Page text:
In your letter, you state
The editors of Voo Doo seem to have trouble keeping their emotions and personal views from killing potentially funny articles.
Here you have confused the concepts of ``author'' and ``editor.'' The editors of Voo Doo see themselves much more as ``common carriers'' than ``masters of content.'' We're not so much ``editors'' as ``layouters'' and ``formatters.'' Back in the days of ``Voo Doo's Tool and Die,'' the editors used to pride themselves on never having rejected a submission. While we no longer meet that high standard, we are still limited to printing what we get. You continue,
One example is the ``IP Address Black Market'' article from the last issue... They tried to cram too much text into the article to dispel their feelings, and the article came out as a flame, pretty much devoid of humor.
A-ha! You have shown your hand. Now we finally see the true reason for your current distaste in Voo Doo. It seems that we have recently skewered a ``Sacred Cow'' of yours [the letter writer works for I/S ---ed.]. From this single point of offense, you have created an elaborate argument that encompasses all of Voo Doo. After all, you don't want to have to admit that you're a petty, thinskinned, mental dwarf. You want to have your distaste over this incident backed up by impeccable reason. So, in your offended psychosis, you invent some.
This reaction is so common that it's studied by anthropologists. We know we've done this when a person --- or a member of some group --- makes a point of publicly declaring that the magazine isn't funny. Sometimes this is followed by an in-depth discussion of why it isn't funny. More often, it's couched in thinly-veiled implications that we are somehow bad people, or poorly educated in the art of humor, for thinking that it is funny. With disturbing regularity, the Offended Party will invoke the contradictory ``Class Clown Admonition'' and inform us that although people find our antics amusing, they are not actually funny.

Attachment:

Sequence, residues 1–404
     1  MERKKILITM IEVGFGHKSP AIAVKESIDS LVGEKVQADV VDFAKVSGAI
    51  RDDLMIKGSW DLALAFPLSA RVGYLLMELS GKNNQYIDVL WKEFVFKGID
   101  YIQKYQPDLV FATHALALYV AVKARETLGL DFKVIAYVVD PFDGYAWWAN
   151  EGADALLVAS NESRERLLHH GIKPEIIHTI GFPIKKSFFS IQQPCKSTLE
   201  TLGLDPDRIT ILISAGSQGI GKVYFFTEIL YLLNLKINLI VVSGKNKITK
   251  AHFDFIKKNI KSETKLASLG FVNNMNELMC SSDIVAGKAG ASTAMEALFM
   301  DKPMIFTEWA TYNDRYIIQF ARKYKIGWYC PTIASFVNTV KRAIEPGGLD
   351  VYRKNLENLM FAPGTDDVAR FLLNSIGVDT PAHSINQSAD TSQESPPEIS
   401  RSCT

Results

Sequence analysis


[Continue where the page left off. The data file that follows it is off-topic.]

Back to your main point:
If there were more absurdity and less obnoxiousness in Voo Doo, I would enjoy it much more.
Fine. Voo Doo sucks, but Voo Doo sucks because you suck. Voo Doo's existence is the proof that M.I.T. likes this ``brand'' of humor. If M.I.T. liked a different kind of humor, then M.I.T. would write a different kind of humor. The entire M.I.T. community is invited to contribute original humor to the magazine. You are always welcome to ``improve'' Voo Doo by submitting an article, column, cartoon or joke of your own, and I will personally guarantee that it will get printed. After all, it can't be as bad as ``The Cybernetic Kid.''
However, I don't believe that you will ever contribute. Why? Because you are content passing on your rewarmed net.humor leftovers like the fat Internet Slug that you are. Your idea of the zenith of humor is rec.humor.funny and the Usenet Oracle. That's fine, but remember that just because you put ``HUMOR'' into the Subject: line as you pass along your little email chain letters doesn't mean that it's funny. Just because you have a Humor subdirectory in your Athena account doesn't make you a comedian, an expert, or a critic.
Feel free to prove us wrong. Have a nice life.